Nanalyze

Computers that Code Themselves Using AI

What many tech founders who built the incredible digital infrastructure you see today would never openly admit is that they were not born into a world which treated them very well.  They didn’t have the best of upbringings because they grew up in an era where an interest in computers was a stigma, and something that could (and often times did) get their asses kicked. All the nerds (many of whom weren’t exactly hitting it out of the park with the ladies) would sit around in little groups of poorly-dressed abject souls, slightly comforted by the fact that they were smarter than their aggressors. HPV wasn’t something they got from one of their girlfriends, but instead something they did with the lads. You see, HPV was part of a much bigger acronym – HPVAC:

Nowadays, most of that stuff will get you thrown in jail, or at the very least on someone’s watch list, but back then this was a sub-culture that acted as a springboard for some of today’s brightest minds in technology. In order to be part of this motley crew, you generally needed to be a social outcast in some way, but that wasn’t the most important qualification. An absolute requirement was that you had to be able to sling some code. You needed to be as comfortable on a command line as you were building a beige box (look it up). Nowadays, there are coding camps where we all hold hands and learn to “become coders”, and everyone is clamoring for a piece of the action making coding one of our 9 jobs of the future. However, we all seem to be ignoring the elephant in the room here. The monster we’ve awakened called artificial intelligence is learning to code.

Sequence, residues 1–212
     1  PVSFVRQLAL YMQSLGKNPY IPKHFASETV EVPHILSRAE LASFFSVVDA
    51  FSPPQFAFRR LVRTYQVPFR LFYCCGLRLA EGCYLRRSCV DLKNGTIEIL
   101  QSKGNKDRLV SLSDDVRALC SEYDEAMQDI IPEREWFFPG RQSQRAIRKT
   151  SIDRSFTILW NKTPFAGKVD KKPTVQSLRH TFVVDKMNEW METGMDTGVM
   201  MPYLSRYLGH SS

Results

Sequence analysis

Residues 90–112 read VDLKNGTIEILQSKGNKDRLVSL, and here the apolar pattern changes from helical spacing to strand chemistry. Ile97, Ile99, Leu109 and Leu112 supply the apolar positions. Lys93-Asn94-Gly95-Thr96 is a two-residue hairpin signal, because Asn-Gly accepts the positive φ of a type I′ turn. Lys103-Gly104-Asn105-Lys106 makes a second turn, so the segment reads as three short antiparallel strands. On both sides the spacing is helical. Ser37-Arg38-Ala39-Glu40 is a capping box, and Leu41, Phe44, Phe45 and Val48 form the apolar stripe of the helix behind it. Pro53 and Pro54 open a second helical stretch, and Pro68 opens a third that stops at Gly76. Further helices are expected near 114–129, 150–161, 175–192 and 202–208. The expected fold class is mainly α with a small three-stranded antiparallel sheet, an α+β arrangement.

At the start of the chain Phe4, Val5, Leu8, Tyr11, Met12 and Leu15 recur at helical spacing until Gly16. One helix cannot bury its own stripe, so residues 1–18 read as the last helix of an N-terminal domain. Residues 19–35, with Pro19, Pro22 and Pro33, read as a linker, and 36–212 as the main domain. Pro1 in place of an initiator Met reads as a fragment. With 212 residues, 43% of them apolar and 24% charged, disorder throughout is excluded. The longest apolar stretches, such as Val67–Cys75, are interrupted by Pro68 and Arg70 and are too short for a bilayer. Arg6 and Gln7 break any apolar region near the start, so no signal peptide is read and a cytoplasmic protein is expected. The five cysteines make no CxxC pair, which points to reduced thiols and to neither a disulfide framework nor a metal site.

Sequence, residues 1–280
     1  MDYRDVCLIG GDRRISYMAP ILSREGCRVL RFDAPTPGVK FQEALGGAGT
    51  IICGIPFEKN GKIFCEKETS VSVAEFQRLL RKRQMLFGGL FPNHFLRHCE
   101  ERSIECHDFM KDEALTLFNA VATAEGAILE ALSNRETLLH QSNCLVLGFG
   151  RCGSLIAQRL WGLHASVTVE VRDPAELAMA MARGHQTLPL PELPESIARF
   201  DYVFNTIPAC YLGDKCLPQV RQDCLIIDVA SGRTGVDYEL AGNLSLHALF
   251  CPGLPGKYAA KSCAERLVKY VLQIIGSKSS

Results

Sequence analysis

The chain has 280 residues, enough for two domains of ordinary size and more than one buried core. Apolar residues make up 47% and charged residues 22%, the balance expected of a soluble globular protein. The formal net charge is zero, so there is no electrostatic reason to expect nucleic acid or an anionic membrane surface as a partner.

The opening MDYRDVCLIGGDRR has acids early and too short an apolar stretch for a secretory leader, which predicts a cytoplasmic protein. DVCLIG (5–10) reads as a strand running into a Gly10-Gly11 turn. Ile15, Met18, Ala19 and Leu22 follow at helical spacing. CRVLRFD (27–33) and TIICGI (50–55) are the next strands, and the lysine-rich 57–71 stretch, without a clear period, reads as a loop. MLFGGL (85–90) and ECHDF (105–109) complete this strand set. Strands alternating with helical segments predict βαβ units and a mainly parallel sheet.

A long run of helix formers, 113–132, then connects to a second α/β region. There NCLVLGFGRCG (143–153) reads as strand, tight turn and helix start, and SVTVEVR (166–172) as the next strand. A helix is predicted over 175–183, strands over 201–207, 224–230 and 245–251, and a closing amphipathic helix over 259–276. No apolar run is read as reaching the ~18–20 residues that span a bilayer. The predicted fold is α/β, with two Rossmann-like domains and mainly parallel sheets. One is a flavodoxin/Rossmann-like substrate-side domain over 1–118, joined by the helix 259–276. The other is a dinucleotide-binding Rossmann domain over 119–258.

Before we delve into this notion of computers that can code themselves, we need to consider that traditional coding is becoming less and less useful. Take as an example the latest flavor of Google’s AlphaGo algorithm. It was told what the rules of a game of Go looked like, and then it was told not to lose. The algorithm then created its own method of playing Go as opposed to being “trained” by watching other people play:

Source: Deepmind

You think about what an amazing revelation that is and then ask yourself if you think that these algorithms are going to sit down and start writing IF/THEN/ELSE statements like a bunch of primitive chimps. Probably not. The way that your brain works isn’t something that you could create using today’s best coding languages, and neither will AI. With that said, there are some startups out there that are developing technology that can write and rewrite itself. One of these is a startup called Gamalon.

Founded in 2013, Massachusetts startup Gamalon has taken in around $12 million in funding to develop a system that learns “orders of magnitude faster” and with “orders of magnitude less training data” compared to the more traditional machine learning algorithms of today. They’ve taken in the most DARPA funding of any company in the past 3 years to develop their technology which is referred to as Bayesian Program Synthesis (BPS). It’s when machines start to have ideas, which is why they also call their technology “idea learning”.

98% of big data was created in the past two years, which helps to explain why 80% of it is unstructured. In other words, this data doesn’t live in beautifully structured databases like the one seen below: